UPDATE: RDTN has been rebranded as Safecast

A few weeks ago my good friend Joi Ito added me an e-mail chain with a few guys in Portland at Uncorked Studios who had an idea for a website tracking and mapping radiation readings in Japan. It launched almost immediately and I mentioned it on BoingBoing because the guys seemed cool and I really liked every aspect of what they were doing. We started talking more, gradually pulling in another person here and there as the conversation ventured into territory unbeknownst to us but knownst to others. Before long emails stopped saying “you guys” and started saying “we” – completely unintentionally we’d formed a team and the project was fast becoming something much more than a simple mapping site.

David Ewald and Marcelino J. Alvarez from Uncorked have been our main points of contact, though I’m sure there are others there who have been helping out just as much. In addition to Joi and myself, we’ve managed to rope in Akiba, Pieter Franken, bunnie Huang, Aaron Huslage, Ray Ozzie and Dan Sythe, as well as a few others to the “team.” And yes, that is indeed on hell of a team. Two of the most exciting aspects of the team for me is how organically everyone came together, and how, while obviously some people are better and more focused on some aspect over another, by and large there is no compartmentalization – we’re all talking about everything together and constantly brainstorming. But as interesting as that might be, it’s really nothing next to the project itself.

So the problem is this: The vast majority of the radiation data that is out there comes from the pro or anti nuclear camps. By design, figures coming from groups that have a stake in those numbers being high or low aren’t very trustworthy. And even if they were trustworthy, they are all reported differently, sporadically and without good geolocations. For instance, giving radiation figures for Tokyo is fairly useless since radiation can increase or decrease dramatically essentially across the street. Or an hour later. And while there are more and more sensors in the hands of consumers, there isn’t a a central point where all that data is. Enter RDTN.org.

That is the site as it exists right this moment. The majority of the data on the site is from existing sources – MEXT, US EPA, Greenpeace, etc but there is also a mechanism for people to submit readings they’ve taken on their own. This is actually the most important part and the thing we’re focusing on the most. As you can see the data that is coming in right now is clumped in certain areas, however if we can get enough sensors out to people then we can fill in those gaps and present a much better picture of what is really happening right now. And if we can package up all that data into a format that makes sense and then make it available for anyone for any purpose, that could become a very powerful tool for people.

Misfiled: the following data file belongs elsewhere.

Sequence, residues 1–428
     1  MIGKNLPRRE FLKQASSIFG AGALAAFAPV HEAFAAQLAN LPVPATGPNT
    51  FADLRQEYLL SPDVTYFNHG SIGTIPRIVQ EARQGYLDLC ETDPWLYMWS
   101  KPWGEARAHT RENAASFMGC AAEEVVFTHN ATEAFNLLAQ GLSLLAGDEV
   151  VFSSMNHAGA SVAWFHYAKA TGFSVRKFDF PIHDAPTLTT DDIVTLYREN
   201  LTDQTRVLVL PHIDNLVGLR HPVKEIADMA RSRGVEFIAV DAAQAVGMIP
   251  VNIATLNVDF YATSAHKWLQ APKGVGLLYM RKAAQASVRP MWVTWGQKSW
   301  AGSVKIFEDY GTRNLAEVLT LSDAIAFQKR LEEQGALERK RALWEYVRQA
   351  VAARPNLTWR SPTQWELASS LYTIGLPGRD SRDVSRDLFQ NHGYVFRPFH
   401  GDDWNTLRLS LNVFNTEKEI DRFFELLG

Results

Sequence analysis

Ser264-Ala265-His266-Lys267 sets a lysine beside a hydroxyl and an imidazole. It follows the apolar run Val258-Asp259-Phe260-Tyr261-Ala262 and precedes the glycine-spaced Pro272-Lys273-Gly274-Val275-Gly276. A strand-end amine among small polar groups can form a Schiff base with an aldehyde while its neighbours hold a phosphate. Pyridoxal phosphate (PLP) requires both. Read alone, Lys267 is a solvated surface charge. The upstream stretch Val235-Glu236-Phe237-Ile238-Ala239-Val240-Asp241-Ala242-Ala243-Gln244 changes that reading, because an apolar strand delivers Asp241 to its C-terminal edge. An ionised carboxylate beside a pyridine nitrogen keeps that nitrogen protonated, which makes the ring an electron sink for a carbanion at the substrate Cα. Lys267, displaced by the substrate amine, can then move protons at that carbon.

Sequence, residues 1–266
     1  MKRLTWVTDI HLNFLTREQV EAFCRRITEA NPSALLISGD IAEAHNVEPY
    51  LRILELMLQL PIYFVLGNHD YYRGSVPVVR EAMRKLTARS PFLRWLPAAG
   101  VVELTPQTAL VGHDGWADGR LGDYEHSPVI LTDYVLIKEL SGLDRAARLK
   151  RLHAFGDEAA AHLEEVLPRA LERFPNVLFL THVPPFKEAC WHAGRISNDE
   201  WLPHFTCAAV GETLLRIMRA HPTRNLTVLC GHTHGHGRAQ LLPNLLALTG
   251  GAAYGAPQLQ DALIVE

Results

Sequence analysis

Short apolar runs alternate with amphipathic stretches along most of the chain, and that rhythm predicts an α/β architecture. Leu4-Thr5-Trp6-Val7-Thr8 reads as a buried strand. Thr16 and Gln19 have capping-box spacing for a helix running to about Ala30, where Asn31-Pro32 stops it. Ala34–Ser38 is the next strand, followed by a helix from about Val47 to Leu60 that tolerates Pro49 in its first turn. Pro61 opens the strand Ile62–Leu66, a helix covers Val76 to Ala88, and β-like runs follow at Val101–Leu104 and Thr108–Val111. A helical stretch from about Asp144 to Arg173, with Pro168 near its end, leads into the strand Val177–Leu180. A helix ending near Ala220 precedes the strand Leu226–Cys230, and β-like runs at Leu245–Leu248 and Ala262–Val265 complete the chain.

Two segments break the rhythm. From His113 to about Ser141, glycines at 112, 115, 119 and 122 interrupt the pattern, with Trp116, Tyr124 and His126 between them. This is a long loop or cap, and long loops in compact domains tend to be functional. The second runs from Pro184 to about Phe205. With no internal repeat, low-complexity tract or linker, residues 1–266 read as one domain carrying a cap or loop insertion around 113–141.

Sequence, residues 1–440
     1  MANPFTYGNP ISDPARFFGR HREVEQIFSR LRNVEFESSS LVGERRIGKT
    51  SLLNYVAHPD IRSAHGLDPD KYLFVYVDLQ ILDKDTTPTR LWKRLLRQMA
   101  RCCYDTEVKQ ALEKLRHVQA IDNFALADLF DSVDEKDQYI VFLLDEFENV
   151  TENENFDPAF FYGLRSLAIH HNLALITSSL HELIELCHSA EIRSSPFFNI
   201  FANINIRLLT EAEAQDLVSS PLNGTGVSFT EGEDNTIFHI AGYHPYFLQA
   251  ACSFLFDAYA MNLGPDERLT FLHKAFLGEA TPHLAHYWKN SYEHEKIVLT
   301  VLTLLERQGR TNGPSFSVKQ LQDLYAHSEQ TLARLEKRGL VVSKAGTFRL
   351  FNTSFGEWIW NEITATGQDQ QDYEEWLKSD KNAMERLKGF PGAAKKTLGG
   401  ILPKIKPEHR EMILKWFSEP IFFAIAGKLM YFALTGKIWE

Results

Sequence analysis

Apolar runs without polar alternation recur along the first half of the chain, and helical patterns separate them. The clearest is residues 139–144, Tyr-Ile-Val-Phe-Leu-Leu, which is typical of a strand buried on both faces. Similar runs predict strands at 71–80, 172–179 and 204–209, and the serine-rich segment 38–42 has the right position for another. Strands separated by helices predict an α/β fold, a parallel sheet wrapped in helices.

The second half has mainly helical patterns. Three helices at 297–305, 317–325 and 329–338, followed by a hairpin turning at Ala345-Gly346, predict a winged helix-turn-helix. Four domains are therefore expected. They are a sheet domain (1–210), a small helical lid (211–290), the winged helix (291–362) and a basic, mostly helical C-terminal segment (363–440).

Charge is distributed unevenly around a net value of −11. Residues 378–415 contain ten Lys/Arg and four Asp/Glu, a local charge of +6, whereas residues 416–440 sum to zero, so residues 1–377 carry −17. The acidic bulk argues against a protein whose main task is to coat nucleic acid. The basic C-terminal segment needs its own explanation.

There’s a few phases to that clearly. We’ve got the website up right now. We’ve just launched a Kickstarter to help us raise the funds to buy about 600 geiger counters that we’ll be distributing around Japan over the next few months – though this will require people to report the readings back to us. Which is why we’re also in the process of designing our own device that will take readings and transmit those findings back to up automatically and much more frequently. This will be some pretty impressive data to look at, and assuming all goes well with Japan, well, that’s just the first step.

I’m really excited about this project because it really hits many of my interests square on. It takes power (data) out of the hands of a small set of privileged gate keepers and gives it to the people who actually need it. It does this free of charge which very directly has the potential to make the world a better place. I know that sounds lofty, but that’s kind of the point. You can’t really propose going over the heads of the collective atomic industry and think of it as a minor objective. In order for this to matter it has to be massive, and so that is the plan.

Later this week I’m heading to Tokyo for The New Context Conference which has shifted in focus since the recent earthquake to disasters, emergency and social media playing a big role after the fact. Many of the other RDTN team is traveling there as well and we’ll have one of the first planning sessions with several of us being in the same room (and timezone) rather than different countries connected by Skype. I expect much more awesome to come from this soon, so stay tuned.